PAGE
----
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I use a USB keyboard and mouse. And of course, no RGB or off, because it also generates a strong magnetic field. For electromagnetic radiation, I have some meters. You can also buy shielding from YSHIELD.I know you are discussing electomagnetic fields in general, but I wanted to ask if anyone has tried the Defender laptop shield to protect from electromagnetic radiation from their laptop? I have always been unable to tolerate having my laptop on my lap (after about 15 minutes a weird vibration feeling in my thighs and then my heart rhythm is affected) so I just bought one of these. They are well rated and tested and so far no problems.
I probably will want to see this and the lyme disease study I recently posted reproduced a few times by other researchers since they both fly in the face of the conventional wisdom.Very interesting. The study is here:
Exposure to Magnetic Field Non-Ionizing Radiation and the Risk of Miscarriage: A Prospective Cohort Study
The increase in miscarriage risk was quite large: they found women who had higher levels of magnetic field exposures (from sources such as electrical appliances, transformers, WiFi, smart meters, cell towers and mobile phones) were 2.72 times more likely to have a miscarriage.
Miscarriage is common: among women who know they're pregnant, it's estimated one in six of these pregnancies will end in miscarriage. 1 So that means a 2.72 factor increase in miscarriages will lead to a lot more miscarriages.
I probably will want to see this and the lyme disease study I recently posted reproduced a few times by other researchers since they both fly in the face of the conventional wisdom.
Are you sure you aren't doing the same?t’s plausible that common levels of EMR could be causing some sort of deleterious effect, but when one has a conclusion in mind and then goes looking for evidence to support it what you’re doing isn’t science, it’s wish fulfillment. If you’ve already decided what you’re going to find, you’ll find it to your satisfaction.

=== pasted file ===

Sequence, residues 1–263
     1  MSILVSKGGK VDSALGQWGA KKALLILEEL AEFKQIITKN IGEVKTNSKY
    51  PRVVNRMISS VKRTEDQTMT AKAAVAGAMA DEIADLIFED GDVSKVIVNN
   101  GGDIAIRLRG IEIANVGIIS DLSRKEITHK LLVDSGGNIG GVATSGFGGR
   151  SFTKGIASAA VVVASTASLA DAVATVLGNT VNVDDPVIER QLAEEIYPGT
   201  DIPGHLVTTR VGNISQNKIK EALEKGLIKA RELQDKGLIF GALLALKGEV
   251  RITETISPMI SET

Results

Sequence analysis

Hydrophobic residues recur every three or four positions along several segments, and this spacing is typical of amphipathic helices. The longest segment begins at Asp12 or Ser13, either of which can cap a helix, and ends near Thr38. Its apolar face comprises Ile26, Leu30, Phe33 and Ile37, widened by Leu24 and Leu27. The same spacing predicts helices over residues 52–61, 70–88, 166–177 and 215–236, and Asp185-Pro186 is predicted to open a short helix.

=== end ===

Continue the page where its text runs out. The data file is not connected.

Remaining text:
Are you sure you aren't doing the same?
There are hundreds of studies out there showing negative effects of nnemf, not just one or two. There even is a mechanism that doesnt envolve ionization of dna, which is the prime reason conventional science says emfs have no effect.
The scientific method is great however humans are in control of it and they have egos, financial interest , biases ,etc. I think because of this , mainstream science is wrong on this area and many others , despite their confidence and mocking of those who challenge them.
Neither am I.Am not scientifically trained enough to evaluate all such studies, nor do I have time if I was.
Yet I rather doubt that researchers who found no effect all had shares in the power company, radio manufacturers or Samsung. It seems more likely to me that there was motivated reasoning in the studies which did find an effect, as the few i’ve looked into did not hold up under further scrutiny.
I agree, I am also not qualified to say one way or the other, but at the very least I will say this is NOT a settled issue. There are dozens of papers coming out every year showing negative effects even at normal dosages (not 1000 times).I can’t state great certainty one one way or the other, I’m not qualified to do that. About the best I can say is that exposing people to ~1000 times the weak fields we are speaking of seems to do nothing, while several million times does have an effect: Enough microwave power will cook flesh, as will enough of their close cousin IR.
If I’m going to worry about EMF it’ll be UV, which is a known health problem.
Or perhaps it’s proof that picking through piles of studies to find a tidbit or two that agrees with what you wanted to hear is not science.